Two exceptional advocates for social justice and human wellbeing have recently gone to God.
Bill Neville was one of the key leaders in Catholic and ecumenical social movements in Sydney from the 1970s, and died at the age of 82 in May. And Bernard Carey, academic and administrator, died at only 69, in July. Both were founding members of the ecumenical social justice magazine National Outlook, which in many ways was a precursor of today’s Social Policy Connections.
The monthly magazine National Outlook was sparked by the initiative of Mr Ray Temmerman, who, with others in 1979, organised a meeting at St Paul’s Seminary in Kensington. I was studying at the University of Sydney at the time, and some student social justice groups became involved with the project. Initially, the working group was largely Catholic, but wished to launch a publication that was ecumenical, especially since the social issues demanded increased collaboration among the churches.
Among the initial people launching this venture were Bernard Carey, then doing graduate study in the Department of Government at Sydney University, and Philip Esler, studying law. We had formed social justice groups at the University, and had been debating social and political issues, while exploring the implications of Catholic social thought on issues such as nuclear weapons, indigenous disadvantage, revolutionary movements particularly in Africa and Latin America, issues of world development, and liberation theology.
I first met Bernard Carey in 1976 in the Department of Government at Sydney University. After gaining his BA hons in 1974 and topping his year, he was appointed Project Leader on the Royal Commission on Australian Government Administration in Canberra until 1976, when he began his PhD. We became close friends, sharing a common commitment to social justice and renewal in the Catholic Church inspired by the Second Vatican Council. Members of our social justice groups were soliciting and writing social justice articles for the back page of The Catholic Weekly in 1977-78, but we wanted a vehicle with more freedom of expression than the newspaper could offer. We talked about the need for a serious social justice magazine in Australia, something like the London Tablet and the US National Catholic Reporter.
Realising that we needed to increase seniority and experience in the team, we invited Bill Neville to join us in the National Outlook venture. He had significant experience in Catholic networks, and a certain gravitas. He worked in the NSW Department of Education, rising much later to become a member of the Senior Executive Service and number two in the NSW Ministry of Education & Youth Affairs, before he retired in 1991.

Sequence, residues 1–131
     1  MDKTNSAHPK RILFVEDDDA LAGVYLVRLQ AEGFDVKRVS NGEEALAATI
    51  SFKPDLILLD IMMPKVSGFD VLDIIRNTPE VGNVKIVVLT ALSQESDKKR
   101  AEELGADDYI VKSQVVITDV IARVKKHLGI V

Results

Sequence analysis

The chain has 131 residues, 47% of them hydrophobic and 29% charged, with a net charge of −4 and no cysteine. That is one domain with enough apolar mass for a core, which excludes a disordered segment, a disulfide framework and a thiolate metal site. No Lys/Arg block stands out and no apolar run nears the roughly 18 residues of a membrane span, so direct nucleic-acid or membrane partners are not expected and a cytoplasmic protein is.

Bill’s advice and experience were invaluable, especially as chair of the editorial committee and board of directors. He had graduated from the University of Sydney in Arts and with a Dip Ed, and attended conferences of the University Catholic Federation of Australia (UCFA), where he met Elizabeth (Libby). After a few years teaching in Sydney, Bill married Libby and took a missionary teaching post in the Marist Brothers High School in Suva Fiji for four years from 1958. There, they began their close family, which grew in time to five children – four boys and a girl, Lizzie.
Returning to Sydney, Bill was a key figure in the development of Catholic social justice awareness. The Australian Catholic bishops’ conference had invited him to be part of an interim commission for justice and peace, and he was appointed one of the inaugural members of the Catholic Commission for Justice & Peace from 1971 to 1974. In addition, the Catholic bishops and the Australian Council of Churches appointed him to a Joint Secretariat for Action for World Development. He became chair of a committee organising the national Action for World Development campaign which brought together 140,000 people throughout the nation, the first time in Australia such an ecumenical endeavor had happened. This landmark event mobilised a wide constituency among the churches for social justice advocacy and action. Its impact was to last for decades.
Bill was on the executives of the Newman Association and UCFA, and attended conferences in India and Singapore in 1974, where he was introduced to the work of Pax Romana-ICMICA, the International Catholic Movement for Intellectual & Cultural Affairs (ICMICA). He became a member of the governing council of ICMICA, and attended meetings in Europe, Asia, Africa, and the Americas, before being elected president from 1987 to 1992. He served for five years in this role, for the last 12 months in Geneva, maintaining its consultative status with UNESCO in Paris and the UN Human Rights Commission.